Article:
I used to be a Kombi driver and saw with my own eyes the issue of poverty, unemployment and its impact on this sector. The violence are witnessing, the increased crime and abuse of women has a class dimension. It is the poor youth, with no access to education, jobs post education; limited livelihoods opportunities et cetera who end up hanging around as maWhindi. Its the poor who can not afford a car, who can not book the luxury coach for their journeys, who have to take a kombi as a daily commute. Its costly to be poor. Crime has a class dimension.

What we have witnessed in Zimbabwe in this case of a girls being stripped by touts is an urgent Zim-Asset issue. Implement that blue print; revive the economy, provide jobs;  create opportunities and choices for our young people and restore law and order. Still, poverty is no justification for one to break the law; to disrespect others or to violate women’s bodies.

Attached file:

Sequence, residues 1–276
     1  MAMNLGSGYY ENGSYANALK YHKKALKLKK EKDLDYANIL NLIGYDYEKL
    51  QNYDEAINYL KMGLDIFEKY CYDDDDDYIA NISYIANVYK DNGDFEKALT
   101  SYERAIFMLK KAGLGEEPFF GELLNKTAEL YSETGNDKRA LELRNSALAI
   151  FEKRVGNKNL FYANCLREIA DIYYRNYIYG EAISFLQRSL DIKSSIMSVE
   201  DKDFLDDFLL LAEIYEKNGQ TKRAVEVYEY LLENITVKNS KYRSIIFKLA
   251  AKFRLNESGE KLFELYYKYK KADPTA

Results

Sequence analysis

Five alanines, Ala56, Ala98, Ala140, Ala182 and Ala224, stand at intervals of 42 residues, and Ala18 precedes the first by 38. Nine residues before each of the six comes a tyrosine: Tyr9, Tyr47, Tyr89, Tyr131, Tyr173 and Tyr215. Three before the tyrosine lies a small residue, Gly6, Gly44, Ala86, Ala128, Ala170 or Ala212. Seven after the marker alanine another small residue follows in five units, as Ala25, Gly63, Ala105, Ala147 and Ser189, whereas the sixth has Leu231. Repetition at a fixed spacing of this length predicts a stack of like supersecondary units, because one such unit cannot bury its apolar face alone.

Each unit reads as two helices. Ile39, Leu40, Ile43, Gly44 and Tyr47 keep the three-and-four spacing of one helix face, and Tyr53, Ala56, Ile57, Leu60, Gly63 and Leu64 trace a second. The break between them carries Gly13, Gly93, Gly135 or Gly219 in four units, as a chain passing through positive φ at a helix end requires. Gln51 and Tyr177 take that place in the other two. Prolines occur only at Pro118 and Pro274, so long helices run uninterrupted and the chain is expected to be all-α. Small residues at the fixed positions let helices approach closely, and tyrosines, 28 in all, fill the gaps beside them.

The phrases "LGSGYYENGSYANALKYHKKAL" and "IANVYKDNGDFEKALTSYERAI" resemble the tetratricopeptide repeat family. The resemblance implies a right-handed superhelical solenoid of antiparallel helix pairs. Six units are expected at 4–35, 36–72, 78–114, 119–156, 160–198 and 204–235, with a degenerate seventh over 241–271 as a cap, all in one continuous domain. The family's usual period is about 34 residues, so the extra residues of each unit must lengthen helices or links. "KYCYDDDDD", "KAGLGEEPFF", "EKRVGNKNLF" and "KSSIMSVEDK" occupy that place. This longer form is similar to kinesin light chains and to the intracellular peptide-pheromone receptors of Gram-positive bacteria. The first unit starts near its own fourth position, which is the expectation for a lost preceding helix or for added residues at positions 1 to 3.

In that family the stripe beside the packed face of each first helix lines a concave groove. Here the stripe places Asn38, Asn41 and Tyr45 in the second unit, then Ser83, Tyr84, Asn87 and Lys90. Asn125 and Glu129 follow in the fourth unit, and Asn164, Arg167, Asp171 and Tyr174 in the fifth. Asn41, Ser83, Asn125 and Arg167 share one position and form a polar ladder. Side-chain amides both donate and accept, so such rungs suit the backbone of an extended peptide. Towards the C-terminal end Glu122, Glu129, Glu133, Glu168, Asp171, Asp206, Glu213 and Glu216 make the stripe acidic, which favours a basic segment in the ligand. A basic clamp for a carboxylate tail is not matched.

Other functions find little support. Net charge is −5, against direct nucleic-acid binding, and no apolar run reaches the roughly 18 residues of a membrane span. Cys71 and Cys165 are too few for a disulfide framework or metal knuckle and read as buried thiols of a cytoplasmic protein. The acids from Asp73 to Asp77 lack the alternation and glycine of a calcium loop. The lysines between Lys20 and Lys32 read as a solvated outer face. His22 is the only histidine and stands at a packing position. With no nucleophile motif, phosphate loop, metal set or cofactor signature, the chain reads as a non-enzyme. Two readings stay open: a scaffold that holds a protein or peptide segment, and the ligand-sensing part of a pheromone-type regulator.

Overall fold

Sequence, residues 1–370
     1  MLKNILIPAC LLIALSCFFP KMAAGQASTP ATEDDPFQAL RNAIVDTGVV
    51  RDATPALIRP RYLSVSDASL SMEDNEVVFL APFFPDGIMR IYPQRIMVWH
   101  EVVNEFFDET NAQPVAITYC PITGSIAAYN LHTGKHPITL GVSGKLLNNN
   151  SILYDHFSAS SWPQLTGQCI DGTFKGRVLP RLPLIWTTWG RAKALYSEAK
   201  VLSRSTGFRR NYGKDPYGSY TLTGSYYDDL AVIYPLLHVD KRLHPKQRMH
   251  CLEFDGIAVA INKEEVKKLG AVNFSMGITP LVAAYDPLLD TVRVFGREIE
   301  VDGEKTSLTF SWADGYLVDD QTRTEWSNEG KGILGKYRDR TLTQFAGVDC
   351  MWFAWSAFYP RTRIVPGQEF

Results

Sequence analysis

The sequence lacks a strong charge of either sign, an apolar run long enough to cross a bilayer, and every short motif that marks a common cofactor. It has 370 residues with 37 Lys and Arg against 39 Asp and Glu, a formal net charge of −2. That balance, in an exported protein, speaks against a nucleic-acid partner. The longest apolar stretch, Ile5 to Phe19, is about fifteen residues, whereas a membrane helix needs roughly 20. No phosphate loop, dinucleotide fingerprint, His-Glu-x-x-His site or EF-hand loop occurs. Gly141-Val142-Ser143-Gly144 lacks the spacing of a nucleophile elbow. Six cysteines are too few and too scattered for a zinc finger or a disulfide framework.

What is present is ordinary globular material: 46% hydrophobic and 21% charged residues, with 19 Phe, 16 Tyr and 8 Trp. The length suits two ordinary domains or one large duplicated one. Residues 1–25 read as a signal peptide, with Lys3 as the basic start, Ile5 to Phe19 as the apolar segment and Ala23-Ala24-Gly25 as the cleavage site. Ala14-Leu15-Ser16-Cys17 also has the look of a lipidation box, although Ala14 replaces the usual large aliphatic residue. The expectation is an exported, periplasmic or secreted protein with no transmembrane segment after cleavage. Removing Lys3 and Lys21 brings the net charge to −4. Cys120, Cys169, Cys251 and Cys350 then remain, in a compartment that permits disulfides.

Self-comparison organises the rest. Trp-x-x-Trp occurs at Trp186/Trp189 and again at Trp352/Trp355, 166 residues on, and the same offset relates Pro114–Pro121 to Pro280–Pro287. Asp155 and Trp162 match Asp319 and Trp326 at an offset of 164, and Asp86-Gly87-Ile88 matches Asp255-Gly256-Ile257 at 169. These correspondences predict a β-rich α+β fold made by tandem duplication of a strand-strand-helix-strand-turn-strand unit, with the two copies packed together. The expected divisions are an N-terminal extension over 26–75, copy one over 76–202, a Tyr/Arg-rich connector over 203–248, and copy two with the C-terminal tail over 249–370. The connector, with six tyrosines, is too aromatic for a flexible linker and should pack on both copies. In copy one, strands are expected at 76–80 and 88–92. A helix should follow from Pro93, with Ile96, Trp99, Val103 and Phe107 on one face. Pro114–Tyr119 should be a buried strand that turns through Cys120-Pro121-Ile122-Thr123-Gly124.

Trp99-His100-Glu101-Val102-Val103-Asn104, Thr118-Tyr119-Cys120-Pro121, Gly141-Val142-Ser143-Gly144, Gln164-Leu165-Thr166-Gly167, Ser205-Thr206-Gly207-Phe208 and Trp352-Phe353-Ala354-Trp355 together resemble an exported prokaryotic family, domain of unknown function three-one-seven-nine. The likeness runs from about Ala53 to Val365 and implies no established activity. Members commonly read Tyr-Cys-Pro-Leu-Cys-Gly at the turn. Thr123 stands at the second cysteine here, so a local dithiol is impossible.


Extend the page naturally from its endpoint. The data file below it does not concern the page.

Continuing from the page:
Just my three bond cents of thought on this day!

 * Nyaradzayi Gumbonzvanda is a human rights lawyer and founder of Rozaria Memorial Trust. She is the African Union Goodwill Ambassador for the Campaign to End Child Marriage, and is current General Secretary of the World YWCA. She writes in her personal capacity. Contact: vanyaradzayi@gmail.com


Twitter Auto Publish Powered By : XYZScripts.com
%d bloggers like this: